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Japanese Design – Top 6 Places To Get Your Fix

Good Japanese design is more than just an aesthetic – it’s a philosophy, and one beloved the world over. But what if you can’t afford a plane ticket to Tokyo? Here’s where to get your fix locally.

The world of Japanese design is a fascinating school. Whether you’re drawn to the traditional and restrained beauty of old world Nipon or the hyperactive kawaii of modern Tokyo, there’s a world of design charm from the Islands of Japan. Unfortunately, a trip to scratch that design itch might be out of the question – lucky for us in Australia though, there is a world of great Japanese design at our fingertips.

Whether you’re after an afternoon in serene relaxation, a late night of neon excitement or seeking something to take home, the options are thankfully plentiful. With this in mind – here are our top six for your fix on Japanese design…

Apato

Richmond’s Apato brings some of Japan’s finest brands and furniture from across the sea to Australian design lovers. A range of Japanese design from artisans and designers is available exclusively in Australia thanks to its carefully curatorial eye. The Apato furniture collection features products by a range of designers, from the heavyweights of the contemporary Japanese design scene – Naoto Fukasawa, Motomi Kawakami, Kiyoshi Sadogawa, Riki Watanabe – to emerging and innovative young designers including nendo, Inoda+Sveje, Torafu Architects, Keiji Ashizawa, Mikiya Kobayashi and more.

HWKR

Hungry for something more than food? Since Melbourne’s Eq. Tower opened it’s been an eye-catching highlight of the city’s skyline – but it’s what’s inside that counts. HWKR is a Japanese market-style restaurant and in its short life has already won the hearts (and stomachs) of locals. The food-driven offering is unique for its rotating tenancies – with different vendors taking up temporary, pop-up space to offer their own food to customers dining in the fusion Japanese design inspired space.

Muji

Tokyo headquartered retailer Muji has been a favourite in the Japanese design scene for years now. Originally founded in 1979 and specialising in paired back minimalist aesthetics in stationary and clothing, the brand now has hundreds of stores around the globe and offers everything from pens and notepads to furniture, whitegoods and even automobiles. What separates Muji from the pack, is the design cohesion – a Bauhaus-reminiscent, functional minimalism that encompasses all products, store design and branding. Lucky for us, there are already four Muji stores in Australia, with more to come.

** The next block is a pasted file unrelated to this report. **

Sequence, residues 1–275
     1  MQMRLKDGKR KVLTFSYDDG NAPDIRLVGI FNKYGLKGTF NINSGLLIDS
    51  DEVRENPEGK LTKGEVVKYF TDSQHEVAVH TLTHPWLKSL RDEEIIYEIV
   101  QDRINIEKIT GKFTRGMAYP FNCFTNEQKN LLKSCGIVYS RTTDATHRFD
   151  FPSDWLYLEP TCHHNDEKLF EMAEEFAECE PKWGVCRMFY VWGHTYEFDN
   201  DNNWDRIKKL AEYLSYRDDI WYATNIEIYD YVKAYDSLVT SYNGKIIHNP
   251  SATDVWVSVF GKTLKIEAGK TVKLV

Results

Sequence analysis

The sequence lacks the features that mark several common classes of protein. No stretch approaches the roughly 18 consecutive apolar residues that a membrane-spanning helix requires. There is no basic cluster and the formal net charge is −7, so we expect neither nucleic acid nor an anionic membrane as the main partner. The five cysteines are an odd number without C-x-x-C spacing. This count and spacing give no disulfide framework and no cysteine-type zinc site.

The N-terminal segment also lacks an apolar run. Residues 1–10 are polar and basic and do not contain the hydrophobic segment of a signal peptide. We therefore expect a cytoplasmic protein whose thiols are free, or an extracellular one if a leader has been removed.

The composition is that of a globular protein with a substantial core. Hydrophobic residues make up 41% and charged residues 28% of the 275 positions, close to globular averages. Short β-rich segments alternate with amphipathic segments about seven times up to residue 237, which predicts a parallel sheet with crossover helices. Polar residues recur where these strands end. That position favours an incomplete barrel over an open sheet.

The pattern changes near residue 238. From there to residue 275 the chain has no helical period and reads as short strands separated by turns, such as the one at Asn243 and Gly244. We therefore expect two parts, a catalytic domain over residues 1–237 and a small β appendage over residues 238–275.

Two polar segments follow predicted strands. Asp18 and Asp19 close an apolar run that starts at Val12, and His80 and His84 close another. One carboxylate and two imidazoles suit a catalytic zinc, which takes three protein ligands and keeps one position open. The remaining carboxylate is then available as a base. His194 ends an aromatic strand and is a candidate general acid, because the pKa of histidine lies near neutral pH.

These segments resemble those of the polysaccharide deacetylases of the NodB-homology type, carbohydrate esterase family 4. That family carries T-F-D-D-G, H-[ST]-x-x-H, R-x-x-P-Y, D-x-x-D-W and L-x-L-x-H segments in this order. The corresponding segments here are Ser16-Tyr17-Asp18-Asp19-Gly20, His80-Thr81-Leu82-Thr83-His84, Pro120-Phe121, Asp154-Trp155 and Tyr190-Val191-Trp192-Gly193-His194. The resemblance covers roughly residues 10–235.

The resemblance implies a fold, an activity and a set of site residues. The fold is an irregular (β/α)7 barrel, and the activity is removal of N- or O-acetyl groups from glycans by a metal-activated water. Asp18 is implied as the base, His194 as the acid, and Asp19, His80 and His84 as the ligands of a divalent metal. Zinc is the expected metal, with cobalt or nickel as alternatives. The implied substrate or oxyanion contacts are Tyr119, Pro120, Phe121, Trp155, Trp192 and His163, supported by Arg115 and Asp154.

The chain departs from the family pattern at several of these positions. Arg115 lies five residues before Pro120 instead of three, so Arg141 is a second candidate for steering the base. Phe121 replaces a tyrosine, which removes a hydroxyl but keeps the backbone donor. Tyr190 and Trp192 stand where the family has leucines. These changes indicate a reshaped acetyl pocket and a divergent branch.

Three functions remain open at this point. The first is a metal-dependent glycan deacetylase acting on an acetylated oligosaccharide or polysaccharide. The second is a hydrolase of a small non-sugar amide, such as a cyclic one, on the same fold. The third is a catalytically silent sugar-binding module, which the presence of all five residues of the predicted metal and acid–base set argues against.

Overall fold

The Rabbit Hole

The Rabbit Hole is a Sydney tea café designed by Matt Woods Design that pairs an original building’s industrial features with a Japanese design aesthetic and numerous whimsical elements.

The Rabbit Hole is influenced by the Japanese art of Kintsugi, which is based on the celebration of the imperfections in ceramic objects. Matt Woods has created a counter from shards of crushed tiles and a display made of balancing bowls to channel this feeling.

“The Japanese art of Kintsugi forms the foundation of the new design elements,” Matt says. “This is most apparent in the speciality tea display where, like spinning plates on top of a circus performers pole, custom designed Kintsugi bowls sit delicately above turned oak timbers.”

Mimoto

Mimoto is an independent online business based in Melbourne, specialising in simple, modern and traditional goods and accessories of Japanese design and origin. Mimoto is drawn to the raw and simple beauty of Japanese design, arts and crafts, and its products celebrate both the traditional and the modern.

Mimoto’s product range has been carefully curated to showcase the best of contemporary Japanese craftsmanship and aesthetics. Mimoto has created a range of products available online and in-store to showcase Japan’s extraordinarily developed design intelligence and integrity, but also the quirky sense of design humour.

Moga

Moga is a restaurant located in the iconic restaurant hub of Rosalie Village, in Brisbane’s Paddington. Moga is informal Japanese dining with a robata grill, market fresh sashimi and Japanese tapas style dining. Moga translates as Modern Girl and comes from the 1920s phenomenon in Tokyo. The Modern Girls appeared on the city streets of Tokyo with short bob hairstyles and Western-inspired dress. This fusion of east meets west Japanese design culture is present in the design of Moga.

The interior design of the space has taken inspiration from historic eateries seen in Kyoto with wood panelled walls, timber furniture and the warm glow of dimly lit lighting. This, combined with world-class sushi and sashimi, makes Moga an easy way to scratch that Japanese design itch.

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